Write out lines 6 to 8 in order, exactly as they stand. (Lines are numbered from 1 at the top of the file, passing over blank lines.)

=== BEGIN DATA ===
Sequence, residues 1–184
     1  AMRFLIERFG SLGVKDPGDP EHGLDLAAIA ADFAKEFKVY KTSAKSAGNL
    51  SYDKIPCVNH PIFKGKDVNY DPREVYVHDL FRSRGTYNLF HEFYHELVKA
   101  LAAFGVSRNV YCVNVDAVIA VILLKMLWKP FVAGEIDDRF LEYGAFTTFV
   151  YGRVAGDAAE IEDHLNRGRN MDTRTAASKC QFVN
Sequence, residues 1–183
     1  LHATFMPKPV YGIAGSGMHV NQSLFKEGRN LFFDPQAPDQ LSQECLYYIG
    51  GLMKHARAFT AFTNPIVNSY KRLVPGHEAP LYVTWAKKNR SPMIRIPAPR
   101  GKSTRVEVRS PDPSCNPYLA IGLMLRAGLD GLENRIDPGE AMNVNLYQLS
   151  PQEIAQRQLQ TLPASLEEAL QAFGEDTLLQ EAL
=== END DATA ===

Sequence, residues 1–183
     1  LHATFMPKPV YGIAGSGMHV NQSLFKEGRN LFFDPQAPDQ LSQECLYYIG
    51  GLMKHARAFT AFTNPIVNSY KRLVPGHEAP LYVTWAKKNR SPMIRIPAPR